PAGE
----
How far behind schedule is Canada's shipbuilding program? Ottawa won't say
Federal officials running the country's multi-billion dollar shipbuilding program are refusing to say how badly off-track the schedule is for the delivery of new naval supply ships and the Canadian Coast Guard's planned heavy icebreaker — even though they've known since last fall.
A revised schedule has been presented to Public Services and Procurement Canada (PSPC) by executives at Seaspan, one of two go-to shipyards for the federal government.
There's a reference to the new schedule in an information paper, obtained by CBC News under the access to information law, which analyzes anticipated production gaps at the two shipyards.
When contacted, PSPC official Jean-Francois Letourneau recently confirmed the new schedule exists, but added the information in it is being withheld.
"The Government of Canada is currently reviewing (Seaspan's) Vancouver Shipyards' schedule and will communicate details once this review is complete," Letourneau said in an email.
That review has been going on since last year, according to the documents.
The schedule is politically sensitive in light of the Liberal government's promise to fix the military procurement process — and because the delays speak to issues at the heart of the breach-of-trust case against Vice Admiral Mark Norman, the military's second-highest commander.
Last winter, Seaspan presented the Liberal government with a plan that could speed up the naval supply ship program, said a procurement source.
The government hasn't responded to the proposal, said the official, who asked not to be named because of the sensitivity of the file.
When the National Shipbuilding Strategy was launched in 2010, the navy was due to receive its supply ships this year.
A senior defence procurement official, in a recent interview with CBC News, said the new delivery date for the first vessel is now 2022.
"We're still four years away, give or take," said Pat Finn, a retired rear admiral who heads the equipment-buying section at National Defence.
"We're still negotiating some of those details, or should I say learning some of those details."
PSPC negotiates contracts on behalf of National Defence.
Delivery of the $1.3 billion polar icebreaker — the John G. Diefenbaker — had been tentatively set for 2021. It was bumped to 2023 in March of 2016, according to records tabled in Parliament.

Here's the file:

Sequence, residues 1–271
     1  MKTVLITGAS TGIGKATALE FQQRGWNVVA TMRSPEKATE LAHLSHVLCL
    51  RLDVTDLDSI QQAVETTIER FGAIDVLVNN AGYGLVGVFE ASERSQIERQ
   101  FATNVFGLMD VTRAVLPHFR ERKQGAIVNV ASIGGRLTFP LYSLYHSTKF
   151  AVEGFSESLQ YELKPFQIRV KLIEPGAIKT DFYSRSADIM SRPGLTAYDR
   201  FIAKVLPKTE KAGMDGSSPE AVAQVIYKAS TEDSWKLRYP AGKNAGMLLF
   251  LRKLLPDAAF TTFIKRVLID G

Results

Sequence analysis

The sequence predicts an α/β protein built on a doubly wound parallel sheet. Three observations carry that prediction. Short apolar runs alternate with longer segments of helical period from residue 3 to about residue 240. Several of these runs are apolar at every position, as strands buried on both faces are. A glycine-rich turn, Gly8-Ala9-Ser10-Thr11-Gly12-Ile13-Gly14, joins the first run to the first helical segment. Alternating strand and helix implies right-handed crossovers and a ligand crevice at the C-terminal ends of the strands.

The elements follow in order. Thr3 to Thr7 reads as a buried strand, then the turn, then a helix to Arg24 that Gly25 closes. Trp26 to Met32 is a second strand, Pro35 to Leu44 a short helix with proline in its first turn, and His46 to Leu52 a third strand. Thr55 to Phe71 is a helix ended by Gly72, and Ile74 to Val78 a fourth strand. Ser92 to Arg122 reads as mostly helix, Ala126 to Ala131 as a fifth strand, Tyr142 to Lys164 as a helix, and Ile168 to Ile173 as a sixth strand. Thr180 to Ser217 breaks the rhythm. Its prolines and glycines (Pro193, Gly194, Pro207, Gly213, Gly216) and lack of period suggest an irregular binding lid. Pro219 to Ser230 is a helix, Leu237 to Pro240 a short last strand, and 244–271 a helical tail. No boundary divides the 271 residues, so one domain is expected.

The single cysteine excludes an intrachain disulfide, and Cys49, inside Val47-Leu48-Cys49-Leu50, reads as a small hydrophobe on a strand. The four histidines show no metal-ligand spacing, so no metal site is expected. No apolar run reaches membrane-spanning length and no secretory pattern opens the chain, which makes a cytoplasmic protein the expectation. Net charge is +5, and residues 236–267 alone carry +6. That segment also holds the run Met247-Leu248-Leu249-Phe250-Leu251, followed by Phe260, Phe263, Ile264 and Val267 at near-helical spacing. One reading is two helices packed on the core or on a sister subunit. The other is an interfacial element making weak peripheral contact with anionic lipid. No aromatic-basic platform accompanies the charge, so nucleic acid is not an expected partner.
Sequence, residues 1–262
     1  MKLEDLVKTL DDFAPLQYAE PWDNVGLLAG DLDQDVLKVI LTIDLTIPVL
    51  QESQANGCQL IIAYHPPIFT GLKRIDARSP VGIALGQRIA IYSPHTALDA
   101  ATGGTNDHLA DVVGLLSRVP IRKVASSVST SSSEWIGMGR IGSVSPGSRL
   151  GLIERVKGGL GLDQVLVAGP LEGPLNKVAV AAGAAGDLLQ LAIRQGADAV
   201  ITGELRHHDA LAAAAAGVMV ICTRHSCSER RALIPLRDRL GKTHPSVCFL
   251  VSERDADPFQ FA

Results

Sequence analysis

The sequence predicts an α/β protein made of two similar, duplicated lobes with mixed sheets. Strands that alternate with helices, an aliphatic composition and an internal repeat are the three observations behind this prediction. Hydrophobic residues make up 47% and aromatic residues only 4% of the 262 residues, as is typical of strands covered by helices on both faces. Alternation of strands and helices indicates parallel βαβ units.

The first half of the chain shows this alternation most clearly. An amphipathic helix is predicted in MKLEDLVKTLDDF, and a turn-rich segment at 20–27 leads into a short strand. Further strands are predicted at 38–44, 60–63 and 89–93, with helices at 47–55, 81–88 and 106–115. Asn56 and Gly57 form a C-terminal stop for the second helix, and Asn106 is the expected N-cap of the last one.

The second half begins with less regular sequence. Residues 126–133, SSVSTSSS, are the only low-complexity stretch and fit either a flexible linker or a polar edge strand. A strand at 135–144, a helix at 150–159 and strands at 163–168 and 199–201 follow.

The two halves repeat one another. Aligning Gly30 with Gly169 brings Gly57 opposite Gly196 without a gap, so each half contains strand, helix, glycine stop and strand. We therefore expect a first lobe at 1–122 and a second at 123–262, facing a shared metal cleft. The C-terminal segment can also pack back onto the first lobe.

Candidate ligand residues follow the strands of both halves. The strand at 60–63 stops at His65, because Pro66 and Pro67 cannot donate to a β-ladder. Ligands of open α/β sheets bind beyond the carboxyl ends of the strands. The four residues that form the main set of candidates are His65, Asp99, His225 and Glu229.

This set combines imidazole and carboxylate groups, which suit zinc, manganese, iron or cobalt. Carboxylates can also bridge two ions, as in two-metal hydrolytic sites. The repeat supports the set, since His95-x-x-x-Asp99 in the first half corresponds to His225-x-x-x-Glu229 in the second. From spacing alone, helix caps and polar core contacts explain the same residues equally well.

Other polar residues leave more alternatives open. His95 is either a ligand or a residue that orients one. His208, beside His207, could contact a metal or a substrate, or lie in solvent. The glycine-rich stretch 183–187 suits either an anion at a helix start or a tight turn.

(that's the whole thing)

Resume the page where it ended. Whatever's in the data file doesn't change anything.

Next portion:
The new date set out in Seaspan's recently revised schedule isn't public.
Ongoing procurement delays are proving to be a long-term source of political embarrassment for the Liberals.
Missed deadlines are at the heart of the alleged corruption case involving Vice-Admiral Norman, who was charged with one count of breach of trust in March.
He is accused of leaking cabinet secrets in relation to a contract for a leased navy supply ship — a vessel meant to fill the gap left by delays at Seaspan in building a permanent replacement.
An expert in defence procurement said the silence from the federal government about the state of the schedule is troubling, and appears calculated to avoid further political humiliation.
"We need to have an actual conversation about shipbuilding that is honest and provides an assessment of where we are so far," said Dave Perry of the Canadian Global Affairs Institute, who has authored several papers on the subject.
"It is well past time, in my opinion, for the Government of Canada, the current government, to live up to their very commendable pledges made by (then-minister of Public Services Judy Foote) two years ago to be more open and transparent."
Letourneau said information on the shipbuilding timetable will be made available in the coming months; in the meantime, he pointed CBC News at a 2016 annual report on shipbuilding and the department's website.
The opposition Conservatives asked for information last fall on delivery dates and were told in a written response that the schedule "is subject to commercial confidence restrictions and cannot be shared."
Official did not explain how a plan for a federally-funded program could be considered a "commercial" confidence.
"Failing to communicate has created a one-sided dialogue," said Perry. "There may be lots of reasons on why we are where we are, but what you can see as a member of the public is that all of the projects are clearly behind schedule."
Seaspan launched a coast guard research vessel — Sir John Franklin — in December of last year. It is still undergoing fitting and trials.